Whether you are the kind of person who naturally feels the needs to make lists and plan your life in detail or you are a naturally disorganised person, even the minimum of planning of your work time will help. If you feel unable to plan in detail on a daily basis, at the very least you can plan blocks of time for specific activities into your daily plan and have these as recurring reminders.
It is a quick process to lay out a general plan into an online calendar and there are numerous calendar apps both on computer and mobile to help.
3. Lunchtime exercise
No matter where you work, whether you are in an office all day or working in a manual position – getting some form of exercise during your lunch time is an excellent way of relieving stress. A walk is the perfect method! Not only will you get some fresh air and physical exercise, but you will also be stepping away from the work situation. It gives you time to think as well as stretch and breathe.
5 minutes of deep breathing exercises at intervals throughout the day can make the world of difference to your day. Take a deep breath, hold it for five seconds and release. Do this for up to five minutes can completely restore your calm.
5. Be your own boost
Positive thinking can be a major difference in coping with workplace stress. Elite athletes have used positive thinking for many many years. Indeed, self-affirmations are an increasing trend amongst personal coaches and consultants. They do work though! At times, for all of us our harshest critic can be ourselves. Have a look at this list of daily affirmations for inspiration.
6. Start your day right
Get your morning routine planned. Forget the snooze button, it is the bane of modern existence. Snoozing after waking can be detrimental to your day and ultimately lead to you losing sleep. IF the time you set your alarm for is early enough for you to hit the snooze button, shift the alarm. Breakfast is currently not thought of as the most important meal of the day, but what is important is getting a little fuel into yourself to get going. And factor in a private minute or two to steady yourself for the day ahead.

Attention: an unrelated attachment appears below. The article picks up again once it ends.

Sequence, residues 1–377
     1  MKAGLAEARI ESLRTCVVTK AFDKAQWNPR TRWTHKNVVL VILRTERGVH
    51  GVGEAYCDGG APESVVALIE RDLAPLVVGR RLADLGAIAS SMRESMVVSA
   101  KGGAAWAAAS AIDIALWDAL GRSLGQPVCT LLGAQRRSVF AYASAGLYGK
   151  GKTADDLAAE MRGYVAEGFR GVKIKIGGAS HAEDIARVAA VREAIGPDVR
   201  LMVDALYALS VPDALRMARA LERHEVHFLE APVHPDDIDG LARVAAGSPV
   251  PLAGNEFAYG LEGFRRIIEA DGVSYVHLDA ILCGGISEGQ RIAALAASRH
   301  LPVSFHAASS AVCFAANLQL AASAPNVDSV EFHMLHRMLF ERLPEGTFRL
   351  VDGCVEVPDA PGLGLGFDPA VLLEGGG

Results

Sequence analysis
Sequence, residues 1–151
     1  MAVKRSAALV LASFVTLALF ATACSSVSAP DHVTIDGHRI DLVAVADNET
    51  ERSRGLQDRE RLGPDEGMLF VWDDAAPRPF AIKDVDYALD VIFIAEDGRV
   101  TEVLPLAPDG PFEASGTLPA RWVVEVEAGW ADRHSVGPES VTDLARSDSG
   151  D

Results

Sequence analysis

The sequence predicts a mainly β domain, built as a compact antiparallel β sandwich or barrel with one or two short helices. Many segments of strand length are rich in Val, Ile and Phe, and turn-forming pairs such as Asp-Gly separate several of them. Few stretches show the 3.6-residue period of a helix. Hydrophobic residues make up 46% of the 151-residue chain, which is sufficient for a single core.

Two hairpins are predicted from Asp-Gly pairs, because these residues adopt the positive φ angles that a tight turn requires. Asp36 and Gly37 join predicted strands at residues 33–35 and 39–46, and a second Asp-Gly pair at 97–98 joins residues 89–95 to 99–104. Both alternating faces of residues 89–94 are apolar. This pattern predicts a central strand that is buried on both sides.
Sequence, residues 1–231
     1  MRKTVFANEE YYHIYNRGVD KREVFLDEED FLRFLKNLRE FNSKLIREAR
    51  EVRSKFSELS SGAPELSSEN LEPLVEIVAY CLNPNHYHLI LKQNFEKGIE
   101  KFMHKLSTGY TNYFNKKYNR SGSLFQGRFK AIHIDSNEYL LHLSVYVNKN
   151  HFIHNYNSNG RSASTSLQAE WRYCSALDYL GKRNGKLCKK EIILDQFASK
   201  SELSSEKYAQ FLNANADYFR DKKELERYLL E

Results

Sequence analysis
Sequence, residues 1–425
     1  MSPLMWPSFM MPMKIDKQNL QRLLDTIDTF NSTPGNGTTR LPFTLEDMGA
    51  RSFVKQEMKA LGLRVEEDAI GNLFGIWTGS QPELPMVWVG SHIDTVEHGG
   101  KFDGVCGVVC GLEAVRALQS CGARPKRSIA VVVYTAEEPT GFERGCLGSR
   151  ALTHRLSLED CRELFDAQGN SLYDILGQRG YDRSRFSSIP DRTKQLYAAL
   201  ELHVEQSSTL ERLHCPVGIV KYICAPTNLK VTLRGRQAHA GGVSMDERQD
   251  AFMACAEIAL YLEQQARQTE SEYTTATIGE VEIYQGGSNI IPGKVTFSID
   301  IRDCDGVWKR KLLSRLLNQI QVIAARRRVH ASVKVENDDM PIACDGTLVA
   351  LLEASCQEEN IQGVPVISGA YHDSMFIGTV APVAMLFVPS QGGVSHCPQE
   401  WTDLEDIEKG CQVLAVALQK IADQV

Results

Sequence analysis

7. Help others
As odd as it may sound, performing altruistic activities like volunteering can and will improve your mindset. Studies show that those who volunteer or undertake community work actually become more resilient – the belief being that by helping others you are able to contextualise your own problems and difficulties. Also, you will get a good dose of satisfaction from feeling like you are helping others.
So, there you go, 7 tips to help you cope with workplace stress. These are guaranteed by themselves but used in combination and you will see a considerable improvement in your quality of life. However, there may be factors in your workplace that really need changing. Our Mental Health Courses like our Mental Health First Aider course are designed to enable you to help yourself and your peers and to start dialogue on mental health in the workplace. Get in touch to find out more.
We can help
Based in Wolverhampton, Mental Health Midlands is a first-class training provider supporting businesses in Wolverhampton, Birmingham, Walsall and the Black Country. We provide recognised course in mental health such as two-day courses to become Mental Health First Aiders to basic entry level half day mental health courses to aid understanding of a misunderstood area. We help businesses to overcome mental health issues and break the stigmas around mental health in the workplace.